Well, actually it’s a bit of a overblown non-story really. Anybody with sufficient mechanical knowledge and a few tools can be making guns at home. The 3D printing aspect may make a few parts slightly easier, but it’s not a decisive factor, especially since the critical components are metal, not plastic. The buzz is just that 3D printers are new, people don’t really understand them yet, and they’ve been put forth as some sort of uber-tool that will forever change the world. (They do change things, but perhaps not entirely in the directions expected or to the degree proposed by the press).

    Really, a lathe is far more “dangerous” in terms of weapons manufacture, but we’re not hearing about it because it’s a fairly ancient tool type.

    If the 3D print files were able to make a functioning weapon on their own, I’d be much more concerned, but the types of plastic used make that generally unfeasible. And then we’d have a real question of what the ethics of posting a “gun file” would be.

    Disclaimer: I own a 3D printer. (And a gun, but not with any printed parts).

    1. Gareth Branwyn says:

      What RocketGuy said.

    2. davidcdean says:

      The interesting part of this story isn’t as much the engineering bit so much as, on an AR, the lower is considered the gun. Yes, most of the important parts are in the upper, but the lower receiver has the serial and (usually) has to go through your local FFL, who receives the lower for you, files paperwork on the transfer, checks your ID (and firearms license if required), etc. That’s why there was a big run on these lowers when Obama was elected and everyone was terrified that the old AWB would come back. If they ban these again and you already legally own the lower, you can continue to build it out as a grandfathered rifle.

      Now… this one is shooting little .22 rimfire rounds, but he says he got it to run the regular .223 (~5.56 nato) with some extraction issues. I’d guess he’s just a tweak away from fixing that. And yes, people could machine these before, but a few hundred dollars or a local makerspace pass gets you access to a 3d printer and cheap media. It’s interesting, and I won’t be surprised if we start seeing a lot of screaming and yelling over this topic.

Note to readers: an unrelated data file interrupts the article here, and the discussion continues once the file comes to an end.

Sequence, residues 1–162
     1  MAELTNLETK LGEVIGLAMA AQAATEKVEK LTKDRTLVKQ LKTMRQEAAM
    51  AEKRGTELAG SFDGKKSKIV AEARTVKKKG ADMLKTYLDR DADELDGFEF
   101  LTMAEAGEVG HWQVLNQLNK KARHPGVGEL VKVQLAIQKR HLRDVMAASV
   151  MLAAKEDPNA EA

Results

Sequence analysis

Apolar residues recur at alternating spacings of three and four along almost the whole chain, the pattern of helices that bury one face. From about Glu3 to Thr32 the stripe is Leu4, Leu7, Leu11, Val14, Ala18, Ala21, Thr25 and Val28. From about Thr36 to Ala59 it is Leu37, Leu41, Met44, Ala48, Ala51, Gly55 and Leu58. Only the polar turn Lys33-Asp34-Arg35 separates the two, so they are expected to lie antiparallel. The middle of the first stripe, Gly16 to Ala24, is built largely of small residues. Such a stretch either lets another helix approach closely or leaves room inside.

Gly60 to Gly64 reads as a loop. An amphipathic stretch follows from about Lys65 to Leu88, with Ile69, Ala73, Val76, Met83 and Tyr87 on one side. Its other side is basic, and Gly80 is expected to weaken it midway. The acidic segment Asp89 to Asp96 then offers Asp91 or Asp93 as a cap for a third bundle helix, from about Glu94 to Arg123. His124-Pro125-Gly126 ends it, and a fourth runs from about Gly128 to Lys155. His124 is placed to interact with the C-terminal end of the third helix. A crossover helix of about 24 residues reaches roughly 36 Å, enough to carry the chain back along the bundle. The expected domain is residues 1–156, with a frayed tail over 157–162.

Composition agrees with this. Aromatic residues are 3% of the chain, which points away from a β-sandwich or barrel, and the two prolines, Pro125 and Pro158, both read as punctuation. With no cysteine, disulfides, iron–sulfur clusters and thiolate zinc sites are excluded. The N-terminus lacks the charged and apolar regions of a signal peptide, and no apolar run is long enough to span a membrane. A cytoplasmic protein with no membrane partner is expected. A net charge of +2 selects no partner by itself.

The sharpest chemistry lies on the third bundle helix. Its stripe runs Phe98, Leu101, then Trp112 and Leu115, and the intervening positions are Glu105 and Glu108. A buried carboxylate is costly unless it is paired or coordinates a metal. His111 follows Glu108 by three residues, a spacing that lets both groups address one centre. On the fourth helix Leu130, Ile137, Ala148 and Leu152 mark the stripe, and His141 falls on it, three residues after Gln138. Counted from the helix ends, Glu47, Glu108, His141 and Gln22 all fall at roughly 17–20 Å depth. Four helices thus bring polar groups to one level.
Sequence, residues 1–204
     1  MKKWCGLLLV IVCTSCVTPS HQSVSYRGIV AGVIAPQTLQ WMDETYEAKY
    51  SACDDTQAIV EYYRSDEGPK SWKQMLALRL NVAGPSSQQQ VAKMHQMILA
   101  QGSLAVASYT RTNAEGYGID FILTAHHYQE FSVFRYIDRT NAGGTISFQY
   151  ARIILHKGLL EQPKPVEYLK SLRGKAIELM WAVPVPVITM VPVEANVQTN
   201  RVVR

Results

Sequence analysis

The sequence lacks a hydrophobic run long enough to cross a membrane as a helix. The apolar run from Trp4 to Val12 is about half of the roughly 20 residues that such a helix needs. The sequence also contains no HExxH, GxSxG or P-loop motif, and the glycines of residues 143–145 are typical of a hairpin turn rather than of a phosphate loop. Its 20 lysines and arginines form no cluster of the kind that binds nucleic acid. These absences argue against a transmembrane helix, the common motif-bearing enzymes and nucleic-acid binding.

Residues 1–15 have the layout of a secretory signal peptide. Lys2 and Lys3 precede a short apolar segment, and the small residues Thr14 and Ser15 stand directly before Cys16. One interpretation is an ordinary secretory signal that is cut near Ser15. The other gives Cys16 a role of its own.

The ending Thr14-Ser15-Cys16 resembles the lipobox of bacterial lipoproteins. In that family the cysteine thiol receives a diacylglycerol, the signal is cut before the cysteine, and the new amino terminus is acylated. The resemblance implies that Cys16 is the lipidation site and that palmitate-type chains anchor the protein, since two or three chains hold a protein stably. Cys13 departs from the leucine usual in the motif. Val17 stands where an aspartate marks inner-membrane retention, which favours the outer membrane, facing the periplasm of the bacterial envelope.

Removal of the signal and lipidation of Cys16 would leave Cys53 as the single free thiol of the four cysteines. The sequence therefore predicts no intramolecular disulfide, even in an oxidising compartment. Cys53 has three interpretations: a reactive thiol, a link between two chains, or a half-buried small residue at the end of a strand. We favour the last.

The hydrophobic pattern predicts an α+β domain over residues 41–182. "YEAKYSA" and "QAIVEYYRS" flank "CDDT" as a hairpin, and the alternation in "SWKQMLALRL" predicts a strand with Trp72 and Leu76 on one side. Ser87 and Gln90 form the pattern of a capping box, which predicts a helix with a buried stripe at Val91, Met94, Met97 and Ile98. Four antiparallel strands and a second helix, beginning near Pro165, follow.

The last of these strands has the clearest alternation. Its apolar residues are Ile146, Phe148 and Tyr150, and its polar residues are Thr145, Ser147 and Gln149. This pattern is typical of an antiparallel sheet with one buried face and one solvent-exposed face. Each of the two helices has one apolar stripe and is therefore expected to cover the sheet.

1. davidcdean says:

        And I should say, I apologize if that bit of trivia on the AWB and run on lowers sounded political. I offer it only as legal context re: lower receivers, not to start a political argument.

    3. Tim Dolan says:

      I concur. I have a friend who has a lathe and a mill and he has build lots of single shot rifles. They were all single shot cartridge guns becasue that is what interests him (real antiques should not be shot to preserve them and they are very expensive).

      Remember that the most dangerous weapon on this planet sits on your shoulders.

  6. chuck says:

    The big threat isn’t some geek printing a gun with his makerbot- it’s a large number of angry or manipulated people, in a market that has embraced and become comfortable with the technology,being able to print an arsenal with consumer friendly off-the-shelf equipment. As this technology is accepted and integrated into daily life we could see pop-up armies all over the world. This represents a monumental change in the balance of power.

    1. rallen says:

      I’m more interested in the ability to produce new TYPES of weapons, than in just a new method of making parts for an old design. I think that a pneumatic delivery system, (paintball markers) with some nice smart ammo, and some phones with custom ROMs could give some real power and coordination to large groups of normally “unarmed” people. It won’t totally replace gunpowder firearms, but it will cheaply give lots of people short range weapons, to fill out fire support teams.

      1. chuck says:

        I like that. It also opens up defensive options for people who can’t or won’t own guns. Anyone working on an Arduino controlled 3D printed portable rail gun? Maybe a laser cut one sheet plywood flat pack trebuchet with an arduino powered ballistics computer for close in urban warfare?. I’ve owned several cheapo ABS crossbows that packed a whallop- it should be rather easy to print most everything but the bow.

  7. Cant see that it would be that much easier to get a 3d printer than it already is to obtain licit or illicit weaponry. Meaning that if someone wants guns they can get them from many different sources.

    I suppose the real danger here though would be the lack of traceability. Even illicit weaponry can be traced back to some point of origin. Traced and perhaps monitored and intercepted.

    But a one shot, 0-day type attack should now become all that much easier.

  8. Jim Hunter says:

    Now that someone mentioned it, the lower is indeed the “firearm”. So even if he bought all the other parts, doesn’t he have to be an SOT or manufacturer to do this legally?

    1. davidcdean says: